A longtime Aggieville bar owner told the law board Monday he has been harassed by the Riley County Police Department since the board’s March 17 meeting.
Rusty Wilson, owner of Kite’s Bar and Grill and Rusty’s, accused the RCPD of selective enforcement aimed solely at him and his businesses as a means of intimidation.
During the law board meeting last week, there was discussion of a proposed state bill that would make the RCPD director an elected official.
The law board currently appoints the director under a law enacted in1974.
Citizens Assuring Transparency, a group including Wilson, hired lobbyist Kevin Barone of Topeka to introduce the measure, which is being debated in the Senate Ethics and Elections Committee. Members of the citizens group are expected to speak during the law board meeting on April 21.
In the meantime, however, Wilson insisted several incidents had convinced him that the RCPD was singling him out for harassment.
“I can’t sit back and be shoved around any more than I have been,” he said.
Wilson claimed he’s not asking for special treatment.
“I’m asking that everybody follows the same rules,” he said.
RCPD director Brad Schoen said Wilson exchanged emails with the department this past weekend about the following issues:
Glare from detective
Wilson said this occurred when a comment from resident Helen Roser was presented at the March 17 meeting.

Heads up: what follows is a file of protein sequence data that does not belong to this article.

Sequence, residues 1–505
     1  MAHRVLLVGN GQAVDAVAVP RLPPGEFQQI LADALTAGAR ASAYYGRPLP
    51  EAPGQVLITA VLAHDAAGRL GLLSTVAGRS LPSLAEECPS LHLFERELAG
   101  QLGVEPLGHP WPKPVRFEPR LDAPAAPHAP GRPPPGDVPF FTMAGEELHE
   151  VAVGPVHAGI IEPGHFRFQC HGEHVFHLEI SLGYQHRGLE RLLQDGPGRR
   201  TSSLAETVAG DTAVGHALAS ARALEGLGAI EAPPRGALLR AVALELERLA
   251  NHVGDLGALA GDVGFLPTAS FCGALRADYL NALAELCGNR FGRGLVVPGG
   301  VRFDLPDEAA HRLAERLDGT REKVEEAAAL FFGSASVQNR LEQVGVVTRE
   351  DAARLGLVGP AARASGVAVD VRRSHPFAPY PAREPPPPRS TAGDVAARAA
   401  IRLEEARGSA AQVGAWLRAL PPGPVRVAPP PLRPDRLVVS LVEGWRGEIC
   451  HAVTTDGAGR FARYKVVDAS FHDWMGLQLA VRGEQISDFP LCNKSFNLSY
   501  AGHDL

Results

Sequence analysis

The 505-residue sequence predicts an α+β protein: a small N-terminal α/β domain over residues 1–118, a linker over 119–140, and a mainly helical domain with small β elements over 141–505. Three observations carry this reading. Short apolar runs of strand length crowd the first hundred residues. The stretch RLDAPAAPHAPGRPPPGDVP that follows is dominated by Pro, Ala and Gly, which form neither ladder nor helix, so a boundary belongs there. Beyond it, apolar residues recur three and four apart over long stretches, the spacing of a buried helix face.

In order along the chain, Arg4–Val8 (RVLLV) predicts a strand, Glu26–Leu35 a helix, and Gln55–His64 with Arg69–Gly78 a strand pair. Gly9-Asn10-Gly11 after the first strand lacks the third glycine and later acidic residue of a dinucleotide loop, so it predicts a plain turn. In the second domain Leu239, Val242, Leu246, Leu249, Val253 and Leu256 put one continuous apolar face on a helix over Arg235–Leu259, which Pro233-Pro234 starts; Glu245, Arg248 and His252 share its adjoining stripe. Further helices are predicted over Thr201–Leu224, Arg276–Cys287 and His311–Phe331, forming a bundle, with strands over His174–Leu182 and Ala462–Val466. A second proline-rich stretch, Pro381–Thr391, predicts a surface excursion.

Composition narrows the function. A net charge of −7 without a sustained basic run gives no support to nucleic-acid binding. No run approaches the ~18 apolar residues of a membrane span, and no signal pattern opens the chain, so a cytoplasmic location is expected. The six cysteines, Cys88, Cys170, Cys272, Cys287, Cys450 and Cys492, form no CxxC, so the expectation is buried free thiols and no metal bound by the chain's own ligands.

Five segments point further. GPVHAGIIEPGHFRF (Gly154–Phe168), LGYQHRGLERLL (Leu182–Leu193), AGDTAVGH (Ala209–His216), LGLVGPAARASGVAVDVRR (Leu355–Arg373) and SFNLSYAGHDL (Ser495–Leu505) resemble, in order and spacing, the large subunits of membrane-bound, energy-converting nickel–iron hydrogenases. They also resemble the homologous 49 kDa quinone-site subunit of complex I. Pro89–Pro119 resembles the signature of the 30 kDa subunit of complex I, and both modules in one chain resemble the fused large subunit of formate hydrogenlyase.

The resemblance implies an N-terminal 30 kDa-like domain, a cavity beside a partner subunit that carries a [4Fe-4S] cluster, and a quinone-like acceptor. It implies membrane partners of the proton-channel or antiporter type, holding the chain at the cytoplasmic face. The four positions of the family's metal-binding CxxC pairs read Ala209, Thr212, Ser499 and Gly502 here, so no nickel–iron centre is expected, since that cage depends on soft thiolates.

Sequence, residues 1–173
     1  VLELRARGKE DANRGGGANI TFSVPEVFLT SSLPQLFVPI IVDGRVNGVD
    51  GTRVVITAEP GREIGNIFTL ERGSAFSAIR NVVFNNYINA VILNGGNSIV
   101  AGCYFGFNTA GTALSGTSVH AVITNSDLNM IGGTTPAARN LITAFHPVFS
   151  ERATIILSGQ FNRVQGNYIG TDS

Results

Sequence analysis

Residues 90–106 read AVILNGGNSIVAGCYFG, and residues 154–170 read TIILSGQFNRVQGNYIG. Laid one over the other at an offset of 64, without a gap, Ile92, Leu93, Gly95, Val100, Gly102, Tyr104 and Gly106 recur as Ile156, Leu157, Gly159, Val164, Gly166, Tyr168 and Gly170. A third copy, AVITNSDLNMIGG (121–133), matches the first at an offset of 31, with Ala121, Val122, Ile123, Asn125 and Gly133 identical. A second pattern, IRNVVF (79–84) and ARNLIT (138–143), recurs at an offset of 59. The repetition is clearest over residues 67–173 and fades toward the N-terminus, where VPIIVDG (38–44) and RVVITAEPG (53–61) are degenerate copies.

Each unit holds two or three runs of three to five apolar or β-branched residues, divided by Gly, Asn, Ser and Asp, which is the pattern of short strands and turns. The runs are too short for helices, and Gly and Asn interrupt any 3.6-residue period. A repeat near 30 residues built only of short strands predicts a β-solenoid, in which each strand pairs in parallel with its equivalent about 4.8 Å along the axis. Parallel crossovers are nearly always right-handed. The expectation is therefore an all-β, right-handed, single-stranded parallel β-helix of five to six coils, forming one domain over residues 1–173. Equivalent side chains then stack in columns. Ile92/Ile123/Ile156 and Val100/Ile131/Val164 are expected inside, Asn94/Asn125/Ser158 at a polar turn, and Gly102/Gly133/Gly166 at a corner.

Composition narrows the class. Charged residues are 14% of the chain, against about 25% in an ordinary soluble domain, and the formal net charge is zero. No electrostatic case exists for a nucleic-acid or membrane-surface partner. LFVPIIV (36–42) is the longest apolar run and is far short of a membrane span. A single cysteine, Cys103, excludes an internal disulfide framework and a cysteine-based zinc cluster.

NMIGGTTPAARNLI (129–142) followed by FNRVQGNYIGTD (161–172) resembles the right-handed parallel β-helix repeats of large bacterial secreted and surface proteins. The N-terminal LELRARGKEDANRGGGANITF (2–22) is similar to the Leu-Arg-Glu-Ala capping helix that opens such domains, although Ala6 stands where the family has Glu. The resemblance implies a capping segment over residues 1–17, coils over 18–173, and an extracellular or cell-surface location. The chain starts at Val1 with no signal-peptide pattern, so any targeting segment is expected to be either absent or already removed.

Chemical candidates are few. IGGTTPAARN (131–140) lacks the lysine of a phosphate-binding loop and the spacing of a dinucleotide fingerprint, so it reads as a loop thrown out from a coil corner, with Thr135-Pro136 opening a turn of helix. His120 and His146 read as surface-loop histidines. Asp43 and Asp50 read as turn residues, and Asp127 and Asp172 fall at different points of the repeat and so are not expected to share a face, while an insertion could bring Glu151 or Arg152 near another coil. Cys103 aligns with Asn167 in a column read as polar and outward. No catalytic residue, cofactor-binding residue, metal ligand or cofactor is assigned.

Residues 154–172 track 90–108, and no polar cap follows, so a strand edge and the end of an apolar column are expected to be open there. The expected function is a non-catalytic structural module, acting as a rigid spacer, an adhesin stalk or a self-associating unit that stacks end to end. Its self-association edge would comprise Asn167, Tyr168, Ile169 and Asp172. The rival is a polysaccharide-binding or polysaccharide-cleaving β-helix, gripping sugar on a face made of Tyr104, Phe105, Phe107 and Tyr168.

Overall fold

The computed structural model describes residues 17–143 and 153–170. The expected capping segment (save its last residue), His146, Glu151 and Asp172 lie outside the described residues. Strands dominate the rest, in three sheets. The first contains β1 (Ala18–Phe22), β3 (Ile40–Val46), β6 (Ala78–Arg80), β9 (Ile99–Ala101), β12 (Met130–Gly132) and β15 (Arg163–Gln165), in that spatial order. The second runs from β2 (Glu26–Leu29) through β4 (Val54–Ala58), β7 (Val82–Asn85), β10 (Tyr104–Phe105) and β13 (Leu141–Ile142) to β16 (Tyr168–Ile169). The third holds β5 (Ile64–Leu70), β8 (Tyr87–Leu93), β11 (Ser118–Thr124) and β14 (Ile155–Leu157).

“When it was brought up in the room, about three-quarters of the room snickered because we all know Helen has been very vocal in her many years in Manhattan,” he said.
Wilson said Detective Brian Johnson turned around and glared at him twice, singling him out.
Capt. Kurt Moldrup said Johnson told him he looked back over his shoulder in the general direction of the snickering.
“He didn’t even know which one was Rusty Wilson,” Moldrup said.
After the March 17 meeting, an off-duty officer waved at Wilson and his friend—and later was reprimanded for it, according to an email from Wilson.
Wilson said Monday he heard that information from a lawyer at the courthouse.
RCPD determined that Capt. Hank Nelson was the officer who waved – so Schoen asked Nelson at Monday’s meeting if he had been reprimanded.
Nelson said no.
Bar checks at noon
Wilson said he had police officers come into his business at noon for a bar check.
He said officers told him they are allocated 28 hours per week to check four bars in Aggieville that serve lunch.
“If we’re going to check bars, we need to check bars at every place that has a bar,” Wilson said. “Olive Garden has a bar. Applebee’s has a bar. Chili’s has a bar. La Fiesta has a bar.”
Schoen said RCPD received a grant to check for minor-in-possession violations.
He confirmed the grant calls for 28 hours per week of minor-in-possession enforcement, but disagreed with Wilson’s other details.
“It is not correct that all of the checking occurs in Aggieville, nor is it true that it all occurs over the lunch hour,” he said.
Schoen said the lunch check likely will stop, since none of the officers have caught any violators to date.
Wilson said he received a smoking ordinance warning last week after not having any previous issues.
According to the RCPD, Lt. Steve Boyda drove down the alley and saw one of the back doors open and people smoking near the entrance.